- Fish oil – Shown to reduces serum triglycerides, lower homocysteine levels, lower LDL cholesterol, and reduces C-Reactive Protein.
- Krill oil – omega-3 fatty acids in fish oil are generally present as triglycerides, which are not absorbed as well the phospholipid omega 3s found in krill oil. Krill oil also contains the carotenoid astaxanthin, a powerful antioxidant.
- Seal oil – Contains the omega 3 essential fatty acid DPA which is not found in fish or krill oil. Population studies show that higher levels of DPA result in lower rates of coronary heart disease risks. In addition, DPA is ten times more effective than EPA/DHA in healing damaged blood vessels.
- Psyllium husk – highest natural food source of soluble fiber. Soluble fiber binds to cholesterol in the small intestine and prevents it from being absorbed.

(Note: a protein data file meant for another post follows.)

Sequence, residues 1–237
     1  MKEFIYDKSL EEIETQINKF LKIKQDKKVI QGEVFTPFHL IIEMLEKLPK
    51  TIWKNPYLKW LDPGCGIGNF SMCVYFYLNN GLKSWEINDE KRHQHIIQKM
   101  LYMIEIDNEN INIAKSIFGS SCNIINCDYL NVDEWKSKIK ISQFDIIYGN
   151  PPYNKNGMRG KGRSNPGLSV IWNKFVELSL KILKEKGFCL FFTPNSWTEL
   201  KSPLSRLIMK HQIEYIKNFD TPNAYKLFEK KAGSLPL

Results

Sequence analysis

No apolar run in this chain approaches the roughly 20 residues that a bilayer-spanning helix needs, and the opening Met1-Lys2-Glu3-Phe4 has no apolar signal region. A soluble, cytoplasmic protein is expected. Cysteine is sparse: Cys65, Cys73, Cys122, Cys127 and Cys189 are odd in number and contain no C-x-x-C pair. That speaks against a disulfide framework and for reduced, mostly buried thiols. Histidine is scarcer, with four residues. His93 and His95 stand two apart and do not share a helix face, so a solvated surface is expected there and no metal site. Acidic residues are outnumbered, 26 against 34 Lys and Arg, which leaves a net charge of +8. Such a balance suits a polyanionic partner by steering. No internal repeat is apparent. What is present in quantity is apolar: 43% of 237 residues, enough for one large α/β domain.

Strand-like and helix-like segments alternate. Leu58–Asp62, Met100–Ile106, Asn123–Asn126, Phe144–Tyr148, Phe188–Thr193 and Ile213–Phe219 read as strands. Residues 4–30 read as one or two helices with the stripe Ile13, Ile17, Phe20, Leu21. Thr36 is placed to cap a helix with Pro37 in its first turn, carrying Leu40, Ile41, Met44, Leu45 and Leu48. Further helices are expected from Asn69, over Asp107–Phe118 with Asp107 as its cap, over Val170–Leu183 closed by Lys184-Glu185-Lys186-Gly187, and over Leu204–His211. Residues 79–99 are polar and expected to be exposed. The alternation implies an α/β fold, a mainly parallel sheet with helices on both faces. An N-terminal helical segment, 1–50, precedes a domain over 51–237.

- Vitamin C and E.
- Cohort studies consistently show that the mortality ratio (ratio between the actual number of deaths in a population and the expected number of deaths) for death due to cardiovascular diseases are significantly lower in those who have the highest vitamin C and E content.
- Co-enzyme Q10 (Ubiquinol).
- Daily supplementation with 100 mg of CoQ10 lowered systolic blood pressure 11mmHg and diastolic blood pressure 7mmHg after 4 weeks of treatment in healthy adults (Ho, Bellusci, & Wright, 2009).
- L-Lysine, L-proline, L-glycine - Needed to synthesize collagen. Collagen is the most abundant protein in mammals, making up roughly 30% of total protein mass. Collagen lines the entire cardiovascular system (Jimenez-Navarro et al., 2005).